John Keats and the Sensevil Sublime


Research Scholar, Vidyasagar University, India


This essay is divided into two sections. In the first, I argue the conditions for the Keatsean Sensevil Sublime, drawing upon adequate resources from political (Hobbesian) and aesthetic categories (Longinus, Edmund Burke and Immanuel Kant) to showcase the expansions and limitations of this Sublimity. A close-reading of “This Living hand, now warm and capable” (Written approximately in December, 1819, published posthumously, 1898) will enhance the literariness of my argument. Gradual difference, and deference from the ‘sensible’, the most recognizable Romantic characteristic of Keatsean poetry, is observed when the agencies of comprehension, ideological subjectiveness and moral superiority are conflated with Burkean, psycho-spiritual terror and its Longinian equivalent in simplicity, nobility and rhetoric. In the final section, the aforementioned sublime, evolving within putrefying sensibility against the ideological implications of the Wordsworthian egotistical sublime through de-personification of the ego and its somatocentric repositioning, shall be utilized in unearthing the potential of Keats’s less-researched sensevil sonnet, “Why did I laugh tonight? No voice can tell”, terminating in the generalization of such features and its specific contribution to the larger Romantic repository of the Keatsean sublime vis-à-vis Wordsworth.

Keywords: : Keats, Burke, Sublimity, Poetry, Sense.

On 23rd August 1820, John Keats addressed an epistle to Fanny Keats which, amongst other things, makes explicit the maleficence of the mind, and its correlation with the body – a psycho-somatic complex bearing more effect in ill-health than sound, marking the culmination of his interrelationship with the dynamics of sense:

Do not suffer your Mind to dwell on unpleasant reflections – that sort of thing has been the destruction of my health – Nothing is so bad as want of health – it makes one envy scavengers and…There are enough real distresses and evils in wait for everyone to try the most vigorous health. Not that I would say yours are not real – but they are such as to tempt you to employ your Imagination on them, rather than endeavour to dismiss them entirely. (Gittings ed., 391-92, capitalizations not mine)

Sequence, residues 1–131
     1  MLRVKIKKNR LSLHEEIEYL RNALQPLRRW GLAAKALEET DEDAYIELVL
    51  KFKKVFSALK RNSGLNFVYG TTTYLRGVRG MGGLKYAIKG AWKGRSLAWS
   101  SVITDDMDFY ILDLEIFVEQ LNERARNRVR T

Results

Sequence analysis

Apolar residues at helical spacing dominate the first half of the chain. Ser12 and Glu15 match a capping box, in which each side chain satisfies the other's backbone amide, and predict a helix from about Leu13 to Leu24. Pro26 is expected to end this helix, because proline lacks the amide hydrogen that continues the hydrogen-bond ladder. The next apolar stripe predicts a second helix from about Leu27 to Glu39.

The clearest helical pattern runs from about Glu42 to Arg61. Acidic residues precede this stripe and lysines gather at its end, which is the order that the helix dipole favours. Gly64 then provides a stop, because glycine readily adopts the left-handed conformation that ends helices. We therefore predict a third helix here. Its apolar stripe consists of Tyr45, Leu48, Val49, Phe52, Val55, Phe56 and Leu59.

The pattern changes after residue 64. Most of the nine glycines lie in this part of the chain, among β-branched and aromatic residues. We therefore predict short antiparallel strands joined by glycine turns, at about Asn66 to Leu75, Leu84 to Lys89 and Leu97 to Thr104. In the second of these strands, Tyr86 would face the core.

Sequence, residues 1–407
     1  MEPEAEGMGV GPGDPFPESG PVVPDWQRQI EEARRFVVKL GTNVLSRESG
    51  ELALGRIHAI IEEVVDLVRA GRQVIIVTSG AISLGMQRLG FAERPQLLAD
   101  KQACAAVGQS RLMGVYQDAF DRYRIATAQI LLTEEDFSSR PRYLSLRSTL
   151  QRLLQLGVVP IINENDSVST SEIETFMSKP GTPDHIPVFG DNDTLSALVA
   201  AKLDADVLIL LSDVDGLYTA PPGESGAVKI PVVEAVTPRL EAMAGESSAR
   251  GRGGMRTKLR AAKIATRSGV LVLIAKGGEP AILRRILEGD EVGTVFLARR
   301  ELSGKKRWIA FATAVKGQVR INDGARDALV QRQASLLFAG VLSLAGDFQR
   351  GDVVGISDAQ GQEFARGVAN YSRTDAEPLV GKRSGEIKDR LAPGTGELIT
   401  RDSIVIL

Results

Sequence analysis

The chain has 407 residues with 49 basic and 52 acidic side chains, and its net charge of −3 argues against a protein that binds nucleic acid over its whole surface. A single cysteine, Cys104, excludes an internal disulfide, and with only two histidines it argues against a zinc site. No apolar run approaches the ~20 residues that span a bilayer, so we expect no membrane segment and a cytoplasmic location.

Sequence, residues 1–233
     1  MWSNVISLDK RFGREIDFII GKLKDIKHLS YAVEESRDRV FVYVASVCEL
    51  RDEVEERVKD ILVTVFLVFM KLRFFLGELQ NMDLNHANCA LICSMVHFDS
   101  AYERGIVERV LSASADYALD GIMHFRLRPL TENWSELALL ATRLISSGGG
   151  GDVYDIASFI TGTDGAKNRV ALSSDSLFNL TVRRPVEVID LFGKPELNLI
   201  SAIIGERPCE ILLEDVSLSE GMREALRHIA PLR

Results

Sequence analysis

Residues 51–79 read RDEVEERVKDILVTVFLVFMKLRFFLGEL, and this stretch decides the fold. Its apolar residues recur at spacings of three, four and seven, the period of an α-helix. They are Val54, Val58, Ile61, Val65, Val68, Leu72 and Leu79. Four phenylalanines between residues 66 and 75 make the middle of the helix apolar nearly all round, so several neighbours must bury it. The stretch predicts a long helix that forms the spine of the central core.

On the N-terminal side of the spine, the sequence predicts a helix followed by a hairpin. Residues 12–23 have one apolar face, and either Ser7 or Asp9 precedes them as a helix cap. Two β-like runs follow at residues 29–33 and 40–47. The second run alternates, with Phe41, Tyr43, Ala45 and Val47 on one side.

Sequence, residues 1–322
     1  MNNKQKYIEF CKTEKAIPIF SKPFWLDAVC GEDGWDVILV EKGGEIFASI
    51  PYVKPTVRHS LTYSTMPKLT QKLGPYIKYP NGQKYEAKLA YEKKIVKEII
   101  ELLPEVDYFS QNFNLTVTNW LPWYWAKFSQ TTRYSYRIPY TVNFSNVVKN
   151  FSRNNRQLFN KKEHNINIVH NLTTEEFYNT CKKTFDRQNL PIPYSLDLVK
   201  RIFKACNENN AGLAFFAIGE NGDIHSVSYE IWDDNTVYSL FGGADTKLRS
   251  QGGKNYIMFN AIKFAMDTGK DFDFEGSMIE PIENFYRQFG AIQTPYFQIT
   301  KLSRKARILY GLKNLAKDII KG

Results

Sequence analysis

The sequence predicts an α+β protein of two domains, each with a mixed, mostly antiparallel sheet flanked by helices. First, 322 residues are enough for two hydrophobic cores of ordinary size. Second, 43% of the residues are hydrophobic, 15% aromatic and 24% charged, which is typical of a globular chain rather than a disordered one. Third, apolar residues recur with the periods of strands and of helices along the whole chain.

Keats confesses that his tuberculosis, which he unsuccessfully de-pathologizes, generalizing it under a broader rubric to escape the stigma of being a patient by universalizing the human condition (“destruction of my health”), was, from a non-diagnostic point of view, the product of “unpleasant reflections”, which could either refer to the overarching nature of reflections enforcing permanent unease by deferring the absolute triumph of complete subjectivity/objective magnitude or the particular nature of this “reflection” contested against “pleasant reflection(s)” which, although undefined, is probably so for its Utopic telos. Whether the mind might be held responsible for the destruction of his health is, I think, a more pertinent question here, since the parenthetical connotation would suggest otherwise; It is possible that the euphemistic beraten justifies the possibility that the destruction of his “Mind” is the consequence of the suffering of his “body”, or his “sense” (I shall use them interchangeably from this point onwards) that had contorted, or convulsed upon receiving unpleasant stimuli, and memorized its ramifications neurologically. This euphemism modifies itself into another less indirect via negativawhere the parenthetical addresses (excesses?) nothing but health, which is the body in its abstract, philosophical sense.The two presences – first, the physical body itself (health in its most concrete, un-ill sense, when negatively defined) and next, the metaphysical presence of this body (the transcendent health, so to speak), therefore, takes precedence over the uni-dimensional, psychic motif – a Keatsean différance that temporalizes the logocentrism of the Romantic “mind”, or more precisely, as I shall demonstrate, the Wordsworthian mind.1 This is aggravated by Keats’s denunciation of “real distresses and evils” –another counterpoint to the anteriority of the mind. The objectivity of the object, the bodi-ness of the body, the sensibility of the sense is posited as the new subjective which is neither subject-obsessed, object-obsessed nor even objectively obsessed in the strict sense; instead, it is subjectively obsessed sans the subject, hence any subject except the individuating one–a Keatsean subversion of Wordsworth which is better recognized as negative capability. While I shall elaborate later upon the political aesthetic that “evils” imply with reference to sense, the subjectivity of a hyperobject pertains to the ‘Sublime’, in as much as an inflated hypersubject is vulnerable to the objectification commonly attributed to the ‘Positive Sublime’ which Wordsworth standardizes (logo-centralizes?) as the summit of that Romantic “mind”, and which Keats negatively dis-accepts instead of rejecting, in a letter to Richard Woodhouse on 27th October 1818: